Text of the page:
Opening the curtains (very gently so as not to wrench them from their precarious fixings), I looked out at my estate. Another battleship grey day alas. However, I was rather pleased to see condensation on the window panes rather than the ice patches of yesterday; my newspaper sausages seemed to be doing a grand job of keeping the cold out and the warmth in. Acknowledging this minor victory lifted my mood somewhat, a mood that thus far had matched the lacklustre weather. That was the hangover's doing and I needed to undo it. After all, this was a far cry from my miserable Tuesday mornings of just a few months ago, waking up in the spare bedroom while my soon to be ex-wife slept in the next room as I waxed miserable before heading off for ten plus hours of doing a job I'd grown to loathe. 'Get into financial services!' they said. 'Where there's money, there's money to be made!' they said. "They" being the school's career officer; a seemingly all-knowing but very pale and nervous lady called Helen who did her very best to avoid eye contact for some reason. And so, after a few years working my way up the ladder at a local bank, I ended up as the Senior Analyst for a leading financial services company; this promotion prompting my relocation to West Sussex. Senior Analyst — one of those job titles that unless you know, gives you no clue as to what it's about other than it probably involving a lot of data and copious frowning. And very probably being monumentally dull. I dreaded the question cropping up in social conversation:
'So what do you do Ken?'
'I'm a Senior Analyst for a leading financial services company.'
'Oh right! Sounds interesting.'
'Right well, must just go and grab a top-up.'
Sometimes, I'd make up other roles in an effort to come across as colourful and interesting. 'I'm Chief Product Tester for Ann Summers.' 'I design bouncy castles for NASA.' 'I'm lead dragon wrangler on Game of Thrones.' This would typically backfire as once I revealed my true occupation, it came across as even more crashingly dull, me having piqued the audience's interest early on with my opening lie. In fairness, I couldn't blame all of that on Helen. Another reason I chose finance as a career was to piss off my Economics teacher who proclaimed I'd never amount to anything, in front of the entire giggling class. I'd nodded off mid-lecture as a result of a very late session of "Dungeons and Dragons" the night before. Toby was Dungeon Master and during my Mage's heated scrap with a Mind Flayer, he'd enthusiastically and cack-handedly thrown the four-sided dice into a cage occupied by his rabbit who immediately gobbled it down. We then spent a couple of hours waiting for "Toby 2" to yack it back up or pass it via another route. With no result, Toby 1 suggested fudging the rules and using a different dice. No way Toby; I'd rather get arrested for heroin possession in Singapore than break the rules that governed our polyhedral D&D universe. Still, having fallen asleep in class and having bucked the system in such an overt fashion, I was awarded folk hero status for a short time. Even better, a few weeks later, I achieved the much-coveted rank of 'Legend' after throwing up in History.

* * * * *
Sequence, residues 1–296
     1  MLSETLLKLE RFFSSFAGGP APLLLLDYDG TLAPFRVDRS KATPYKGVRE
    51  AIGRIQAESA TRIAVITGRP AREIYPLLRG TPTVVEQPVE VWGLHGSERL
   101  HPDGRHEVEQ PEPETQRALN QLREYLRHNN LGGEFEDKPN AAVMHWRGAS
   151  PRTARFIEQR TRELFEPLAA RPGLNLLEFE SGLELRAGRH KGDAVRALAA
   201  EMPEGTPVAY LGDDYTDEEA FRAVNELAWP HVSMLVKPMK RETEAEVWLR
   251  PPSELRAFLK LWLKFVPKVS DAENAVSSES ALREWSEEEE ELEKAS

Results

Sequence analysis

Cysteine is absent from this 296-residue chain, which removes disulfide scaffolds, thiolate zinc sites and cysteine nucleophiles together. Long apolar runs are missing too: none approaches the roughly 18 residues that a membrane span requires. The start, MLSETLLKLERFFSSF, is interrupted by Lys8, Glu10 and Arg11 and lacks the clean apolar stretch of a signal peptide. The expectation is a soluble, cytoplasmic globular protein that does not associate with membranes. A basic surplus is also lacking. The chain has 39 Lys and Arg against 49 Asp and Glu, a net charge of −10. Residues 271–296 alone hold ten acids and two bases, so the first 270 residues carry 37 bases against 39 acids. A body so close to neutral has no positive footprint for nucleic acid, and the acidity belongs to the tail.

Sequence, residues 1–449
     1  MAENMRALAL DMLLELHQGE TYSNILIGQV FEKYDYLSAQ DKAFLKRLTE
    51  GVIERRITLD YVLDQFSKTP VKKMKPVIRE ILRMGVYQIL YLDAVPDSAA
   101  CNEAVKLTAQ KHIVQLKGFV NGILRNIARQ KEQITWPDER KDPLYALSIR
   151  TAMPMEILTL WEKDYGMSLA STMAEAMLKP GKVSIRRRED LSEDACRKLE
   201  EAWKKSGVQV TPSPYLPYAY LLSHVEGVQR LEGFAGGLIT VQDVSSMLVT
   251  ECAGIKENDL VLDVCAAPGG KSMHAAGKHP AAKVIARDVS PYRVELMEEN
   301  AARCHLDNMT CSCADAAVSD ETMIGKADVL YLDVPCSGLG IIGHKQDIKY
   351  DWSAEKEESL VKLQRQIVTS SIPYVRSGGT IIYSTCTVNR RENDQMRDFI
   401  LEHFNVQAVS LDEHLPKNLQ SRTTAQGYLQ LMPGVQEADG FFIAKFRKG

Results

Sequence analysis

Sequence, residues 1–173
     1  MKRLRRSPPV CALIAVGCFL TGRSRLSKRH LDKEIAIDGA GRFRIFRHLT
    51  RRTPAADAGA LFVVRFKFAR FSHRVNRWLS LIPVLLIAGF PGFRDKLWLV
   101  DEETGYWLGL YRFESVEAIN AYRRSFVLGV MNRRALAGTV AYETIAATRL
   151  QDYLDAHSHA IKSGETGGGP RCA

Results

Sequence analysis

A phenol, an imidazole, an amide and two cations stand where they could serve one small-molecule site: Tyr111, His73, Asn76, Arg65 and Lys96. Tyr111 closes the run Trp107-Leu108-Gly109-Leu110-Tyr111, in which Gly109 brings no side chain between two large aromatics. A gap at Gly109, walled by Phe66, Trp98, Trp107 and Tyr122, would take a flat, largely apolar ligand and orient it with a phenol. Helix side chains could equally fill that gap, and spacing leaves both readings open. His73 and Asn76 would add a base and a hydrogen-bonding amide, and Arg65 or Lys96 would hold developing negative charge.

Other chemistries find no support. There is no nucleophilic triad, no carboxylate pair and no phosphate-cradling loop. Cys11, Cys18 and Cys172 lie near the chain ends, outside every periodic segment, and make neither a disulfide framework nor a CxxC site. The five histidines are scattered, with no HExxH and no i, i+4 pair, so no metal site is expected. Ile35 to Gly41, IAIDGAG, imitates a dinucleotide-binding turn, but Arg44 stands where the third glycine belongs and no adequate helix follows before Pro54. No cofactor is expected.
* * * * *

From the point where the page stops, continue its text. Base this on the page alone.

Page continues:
Thankfully, the day I had in prospect was delightfully free of all the management bullshit, number shuffling and endless meetings that I'd come to dread in my last job. As would all my days be from now on I hoped. My only real challenges were keeping up with J.D.'s endless ribbing and evolving the pub to be the best it could be, whilst possibly fending off the occasional hostile takeover attempt by a local business owner. I might even buy a new duvet. And possibly drop into "Coasters". But first — tea.
On opening the door into the kitchen, I found Janine sitting at the picnic table studying a laptop. She looked up and smiled. 'Oi Oi! You look well rough.'
'Thank you. I'm trying a new look. I call it "Red Wine Regret”.’
'It's very you, for sure. J.D. said you'd had a few last night. How you feelin’?'
'A bit iffy, but on the up.' At that point Halo came snuffling into the room so I leaned down and gave her the statutory fussing after which she wandered over and sat on Janine's feet. Janine reached down and gave her a stroke then returned her attention to her screen. I went over to the kettle which was about half full so I flicked it on. 'Fancy a brew?'
'Yes please. Just normal variety thanks.' She pointed at a red caddy on the worktop without looking up. 'I filled it up this morning. Milk's in the fridge; so's the sugar.' This time pointing behind her, still glued to her screen. 'Just one for me ta.'
'Utility room.' No pointing this time.
There were two doors in the kitchen that I wasn't familiar with, so I moved to the nearest one which was just to the right of the stairwell entrance.
'Nope. Other one.'
I turned through ninety degrees and opened the second door to find a smallish room housing a double sink and a host of appliances and cupboards. Surprisingly, and rather pleasingly, everything looked like it was relatively new.
'Cupboard. Far right.'
I opened the cupboard to find a handful of mismatched mugs and grabbed a couple, instinctively checking the insides for cracks or spiders. One of the drawers yielded a teaspoon. Fully equipped, I returned to the kitchen. 'So everything gets washed out there?'